Job searching is an emotional roller coaster. Your confidence soars after a round of great interviews and promising feedback, which only amplifies the disappointment of not getting a job offer. Unfortunately, hiring decisions are beyond your control, and you never know which details are most important to hiring managers. Understanding the reasons why an employer might choose another candidate can help you stay positive when you don't get a job offer.
1. The Company Hired Internally
Many employers require HR staff to publicly post job openings, even if the company plans to hire from within. Internal candidates already know how the company works and usually have the support of key decision-makers. Although a job offer was never really on the table, the interview is still good practice for landing a position that's right for you.
2. Mismatched Qualifications
Applying for jobs is a big gamble when you don't have all the necessary qualifications. A good interviewer knows how to ask the right questions to uncover skills gaps, and you might have unintentionally revealed your lack of experience. On the other hand, hiring managers may turn you down for being overqualified, since the company can offer a lower salary to a candidate with less experience.
3. You Don't Fit the Culture
Many companies are most concerned about building cohesive teams, and they value the right personality and work style as much as qualifications. Researching the company in advance can help you adapt your interview style, so you can figure out if it's a conservative, laid-back, creative or family environment.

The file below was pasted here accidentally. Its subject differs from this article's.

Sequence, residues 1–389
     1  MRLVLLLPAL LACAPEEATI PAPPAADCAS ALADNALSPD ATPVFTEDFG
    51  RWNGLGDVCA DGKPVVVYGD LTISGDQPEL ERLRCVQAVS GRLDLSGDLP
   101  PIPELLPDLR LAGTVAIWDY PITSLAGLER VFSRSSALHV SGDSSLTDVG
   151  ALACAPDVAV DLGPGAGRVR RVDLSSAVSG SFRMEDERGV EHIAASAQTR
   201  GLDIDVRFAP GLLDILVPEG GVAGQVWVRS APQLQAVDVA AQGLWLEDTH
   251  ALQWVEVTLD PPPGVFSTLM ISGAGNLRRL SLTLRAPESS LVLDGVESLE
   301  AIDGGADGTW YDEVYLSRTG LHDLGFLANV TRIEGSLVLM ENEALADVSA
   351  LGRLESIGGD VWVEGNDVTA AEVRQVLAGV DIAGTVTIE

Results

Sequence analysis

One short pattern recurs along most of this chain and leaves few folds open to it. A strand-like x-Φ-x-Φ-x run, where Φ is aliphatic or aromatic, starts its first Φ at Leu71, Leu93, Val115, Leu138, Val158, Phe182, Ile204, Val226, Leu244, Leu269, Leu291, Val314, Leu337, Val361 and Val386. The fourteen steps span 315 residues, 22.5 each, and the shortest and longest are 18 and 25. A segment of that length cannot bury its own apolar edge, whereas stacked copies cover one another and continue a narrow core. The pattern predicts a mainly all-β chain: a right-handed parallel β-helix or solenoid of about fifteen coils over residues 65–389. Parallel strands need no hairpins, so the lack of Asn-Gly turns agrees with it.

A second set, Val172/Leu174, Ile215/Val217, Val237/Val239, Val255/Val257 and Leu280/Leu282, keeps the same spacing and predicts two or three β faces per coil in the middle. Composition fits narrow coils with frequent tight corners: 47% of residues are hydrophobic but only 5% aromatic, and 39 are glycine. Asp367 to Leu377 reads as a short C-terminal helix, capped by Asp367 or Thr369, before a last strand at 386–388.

4. Red Flags
Until you gain the ability to read a hiring manager's mind, you have to rely on guesswork and preparation to make a good impression during interviews. From your phone etiquette to your body language, small details can deter hiring managers from making a final job offer. No matter how good you look on paper, practice speaking about your experience, and personalize your responses for each job.
5. Hiring Freezes
Employers don't want their troubles to be public knowledge, so they may post jobs without telling candidates that they can't move forward with hiring right away. If the hiring manager stops communicating with you well into the interview stage, hiring may be in limbo until the company works out its issues.
6. Average Candidate
Sometimes, your qualifications and personality are great, but you fail to sell your skills as the solution to a hiring manager's core business needs. To ace an interview, you have to show interviewers that you understand how the company operates and how to create new solutions going forward. Being average might keep you in the running for a while, until a more compelling candidate emerges.
7. Organizational Transformation
When a company is going through an organizational transformation, hiring managers may put job offers on hold until they know what the position entails. Restructuring often means redefining core positions and creating new ones. If you're determined to get the job, ask the hiring manager to keep you updated, especially if you need qualifications that weren't originally included.
Not every hiring decision is about you, so don't take rejection personally. Save your effort for landing a job offer from a company best suited to your personality, skills and career goals.
Photo courtesy of stockimages at FreeDigitalPhotos.net